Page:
Software Causing Disconnection By default Windows (Dial up neworking and Internet Explorer) configures your connection to disconnect after a certain amount of idle time. Microsoft Outlook and Outlook Express can also disconnect your connection after you have checked your mail. Please review the URL, http://www.acenet.net.au/help/disconnect.asp to find out how to turn these features off.
     
  6. bigc73542

    bigc73542 Retired Moderator

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    Re:modem trouble

    http://train.missouri.org/support/loseconnect.html

    I will not postanother article until we see if one of these might fix your problem. If it does not fix with any of these options Let me know and we will find a fix

    Telephone Line Quality - Modems are very sensitive to telephone line noise and some are much more sensitive than others. Most modems can handle a small amount of telephone line noise but even the best of modems will eventually drop the connection if the telephone line quality becomes too degraded. Many things can affect your telephone line quality : Old or damaged telephone line networks are common in rural areas and can cause poor connection or frequent dropped connections ; overloaded telephone networks during peek times of the day (mornings and evenings are usually when your telephone company's network is the busiest); the telephone wiring in your home (or at work Internal PBX systems are notorious for causing connection problems); electrical equipment near telephone wires or your modem or your computer (56k modems are extremely sensitive to electric fields generated by power cords) and/or other devices connected to the same telephone line as the computer can sometimes cause problems (an example is that some telephones will actually charge internal batteries every few minutes by going off-hook and drawing power from the telephone line.)

    Idle Time-out - Train's modem pool is configured to drop connections after 20 minutes of idle time. What this means is if for any reason the Train modem pool does not receive data from your computer for 20 minutes the connection is terminated. The reason for the Idle Time-out is to allow everyone a chance to use Train. Without the Idle Time-out the number of available lines for users to dial into would be greatly reduced due to lines being tied up by computers that are not actually doing anything except tying up a line.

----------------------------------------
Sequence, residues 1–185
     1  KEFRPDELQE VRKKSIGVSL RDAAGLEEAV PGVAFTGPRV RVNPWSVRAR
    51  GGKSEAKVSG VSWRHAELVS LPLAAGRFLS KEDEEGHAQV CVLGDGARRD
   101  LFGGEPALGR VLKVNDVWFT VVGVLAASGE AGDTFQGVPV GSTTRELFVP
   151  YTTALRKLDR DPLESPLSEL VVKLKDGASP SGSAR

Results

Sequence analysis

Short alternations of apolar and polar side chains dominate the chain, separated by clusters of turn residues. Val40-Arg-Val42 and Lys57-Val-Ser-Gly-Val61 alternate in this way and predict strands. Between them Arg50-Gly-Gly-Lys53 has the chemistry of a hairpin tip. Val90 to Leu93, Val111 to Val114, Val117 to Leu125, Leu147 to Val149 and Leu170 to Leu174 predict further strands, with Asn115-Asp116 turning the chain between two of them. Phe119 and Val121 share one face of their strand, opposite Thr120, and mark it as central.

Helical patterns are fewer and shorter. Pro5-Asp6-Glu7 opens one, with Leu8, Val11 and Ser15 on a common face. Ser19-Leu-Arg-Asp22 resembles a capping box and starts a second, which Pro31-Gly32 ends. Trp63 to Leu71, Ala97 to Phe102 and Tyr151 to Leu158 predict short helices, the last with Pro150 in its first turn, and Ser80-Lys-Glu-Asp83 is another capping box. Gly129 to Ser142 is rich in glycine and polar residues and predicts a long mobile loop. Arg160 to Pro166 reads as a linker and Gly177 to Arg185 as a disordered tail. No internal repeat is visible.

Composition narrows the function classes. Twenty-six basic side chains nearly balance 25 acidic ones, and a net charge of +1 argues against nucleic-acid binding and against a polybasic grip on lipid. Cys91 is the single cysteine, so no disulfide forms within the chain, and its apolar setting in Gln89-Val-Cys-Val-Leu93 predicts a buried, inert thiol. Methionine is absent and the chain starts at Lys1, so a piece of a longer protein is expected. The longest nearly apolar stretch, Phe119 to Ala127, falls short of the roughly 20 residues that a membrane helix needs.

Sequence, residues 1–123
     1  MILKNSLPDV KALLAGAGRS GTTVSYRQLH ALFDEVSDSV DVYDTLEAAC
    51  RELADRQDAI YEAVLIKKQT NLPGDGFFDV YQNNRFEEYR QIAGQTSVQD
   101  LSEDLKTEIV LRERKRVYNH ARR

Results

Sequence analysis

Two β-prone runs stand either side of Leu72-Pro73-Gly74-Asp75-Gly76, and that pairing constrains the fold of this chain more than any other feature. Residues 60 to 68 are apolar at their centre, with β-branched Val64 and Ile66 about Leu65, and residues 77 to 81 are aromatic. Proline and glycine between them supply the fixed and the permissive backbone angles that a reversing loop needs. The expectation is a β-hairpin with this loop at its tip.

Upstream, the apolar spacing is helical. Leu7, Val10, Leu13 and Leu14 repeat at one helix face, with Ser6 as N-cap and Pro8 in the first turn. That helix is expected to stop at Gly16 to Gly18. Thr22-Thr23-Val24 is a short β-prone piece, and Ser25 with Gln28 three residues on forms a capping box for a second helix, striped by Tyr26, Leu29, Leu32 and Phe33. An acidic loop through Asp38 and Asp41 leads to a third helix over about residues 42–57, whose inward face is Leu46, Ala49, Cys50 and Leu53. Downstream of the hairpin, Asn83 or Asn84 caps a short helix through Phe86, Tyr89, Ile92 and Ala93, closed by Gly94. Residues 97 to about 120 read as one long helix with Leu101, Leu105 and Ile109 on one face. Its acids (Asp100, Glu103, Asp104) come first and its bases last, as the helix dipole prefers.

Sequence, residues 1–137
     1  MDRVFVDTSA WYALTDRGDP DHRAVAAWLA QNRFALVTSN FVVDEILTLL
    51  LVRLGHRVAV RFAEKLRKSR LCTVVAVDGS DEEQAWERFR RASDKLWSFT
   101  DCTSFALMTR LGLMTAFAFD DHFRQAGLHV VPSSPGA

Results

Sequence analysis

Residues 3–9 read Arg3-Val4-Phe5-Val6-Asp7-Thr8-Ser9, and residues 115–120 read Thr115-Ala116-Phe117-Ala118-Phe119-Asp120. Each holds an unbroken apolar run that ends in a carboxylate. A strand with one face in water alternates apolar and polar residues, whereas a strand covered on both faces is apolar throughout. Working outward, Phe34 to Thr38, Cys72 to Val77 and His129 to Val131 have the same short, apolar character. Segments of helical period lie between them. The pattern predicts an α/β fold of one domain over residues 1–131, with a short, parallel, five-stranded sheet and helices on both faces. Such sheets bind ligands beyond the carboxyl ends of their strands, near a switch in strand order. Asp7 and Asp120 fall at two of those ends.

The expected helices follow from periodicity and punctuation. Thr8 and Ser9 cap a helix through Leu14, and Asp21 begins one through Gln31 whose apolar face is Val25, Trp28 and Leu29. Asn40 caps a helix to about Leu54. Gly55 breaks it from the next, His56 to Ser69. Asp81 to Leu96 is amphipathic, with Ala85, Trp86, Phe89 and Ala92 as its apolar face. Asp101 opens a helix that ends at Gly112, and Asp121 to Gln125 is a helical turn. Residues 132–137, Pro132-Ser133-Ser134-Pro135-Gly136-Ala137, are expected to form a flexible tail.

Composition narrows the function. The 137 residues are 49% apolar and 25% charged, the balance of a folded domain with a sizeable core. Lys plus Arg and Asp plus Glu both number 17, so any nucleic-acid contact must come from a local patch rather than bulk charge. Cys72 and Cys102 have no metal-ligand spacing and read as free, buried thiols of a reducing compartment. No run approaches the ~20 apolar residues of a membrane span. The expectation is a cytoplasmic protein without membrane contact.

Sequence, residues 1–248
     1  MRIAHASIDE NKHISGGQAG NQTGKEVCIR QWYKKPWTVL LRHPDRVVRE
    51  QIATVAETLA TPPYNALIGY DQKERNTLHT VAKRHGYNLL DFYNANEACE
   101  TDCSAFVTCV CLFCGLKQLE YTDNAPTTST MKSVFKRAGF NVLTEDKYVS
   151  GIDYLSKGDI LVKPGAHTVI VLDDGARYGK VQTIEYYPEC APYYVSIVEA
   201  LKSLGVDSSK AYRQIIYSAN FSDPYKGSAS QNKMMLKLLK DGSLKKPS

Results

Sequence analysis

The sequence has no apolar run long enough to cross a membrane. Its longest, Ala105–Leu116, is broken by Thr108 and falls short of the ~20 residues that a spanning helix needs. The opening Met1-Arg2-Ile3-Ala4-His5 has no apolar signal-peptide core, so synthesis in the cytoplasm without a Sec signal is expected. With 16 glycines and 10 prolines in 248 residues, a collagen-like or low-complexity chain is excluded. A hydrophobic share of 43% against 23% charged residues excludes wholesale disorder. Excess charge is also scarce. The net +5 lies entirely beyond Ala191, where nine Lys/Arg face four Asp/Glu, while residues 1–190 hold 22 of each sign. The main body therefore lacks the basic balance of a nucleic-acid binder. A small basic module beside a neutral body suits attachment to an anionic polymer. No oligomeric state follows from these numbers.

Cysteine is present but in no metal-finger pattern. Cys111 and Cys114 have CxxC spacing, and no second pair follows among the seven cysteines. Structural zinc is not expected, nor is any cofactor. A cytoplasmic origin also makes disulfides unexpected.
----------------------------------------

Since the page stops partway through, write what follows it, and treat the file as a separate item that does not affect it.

Session Time-out - T.R.A.I.N. has a 3 hour Session Time-out when the modem pool reaches 80% capacity. Once the modem pool reaches 80% full , the person who has been connected the longest over 3 hours is disconnected. The reason for the Session Time-out is to attempt to give everyone a chance to get on-line. Without the 3 hour Session Time-out the number of available lines for users to dial into would be greatly reduced since it would be possible for a few computers to keep lines tied up almost indefinitely.

    Call Waiting - Do you have call waiting ? The "clicking" noise or "beep" sound call waiting makes when you have a call is seen by your modem as line noise and can cause your modem to disconnect you. To turn off call waiting before dialing add *70, to the beginning of the number your computer is dialing (example: *70,9675756)

    Unsynchronized communications - Some older computers (especially older computers upgraded to windows 95/9:cool: are just too slow for some of today's newer modems. If your computer is too slow for your modem it can fall behind. Your modem is the interpreter between your computer and the Internet and if your computer cannot keep up then communications between your computer, your modem and the Internet become unsynchronized and eventually either your modem or Train's simply terminates the connection. This is most common with 486 and older computers, especially if they have been upgraded to Windows 95/98 (Installing Windows 95/98 on a older computer can over burden the computer and cause it to run too slow). There is little that can be done in this case aside from upgrading your computer hardware although changing the port speed in your modem settings may help *see Port Speed below*

    Port Speed - In modem properties check to see what your modems "Maximum Speed" is set to. Generally, for the fastest connection it is a good idea to have "Maximum Speed" set to twice your modems rated speed. What this means is if you have a 56k modem, for the best performance on the Internet , you would set Maximum Speed to 115,200 . Maximum Speed is the speed your computer communicates with your modem and rated speed, is the speed your modem is capable of communicating with the Internet. While setting port speed to twice your modems rated speed can improve performance it can also decrease the reliability of the connection in some cases. If you are frequently being disconnected , and especially if you have a older or slow computer, try decreasing your port speed.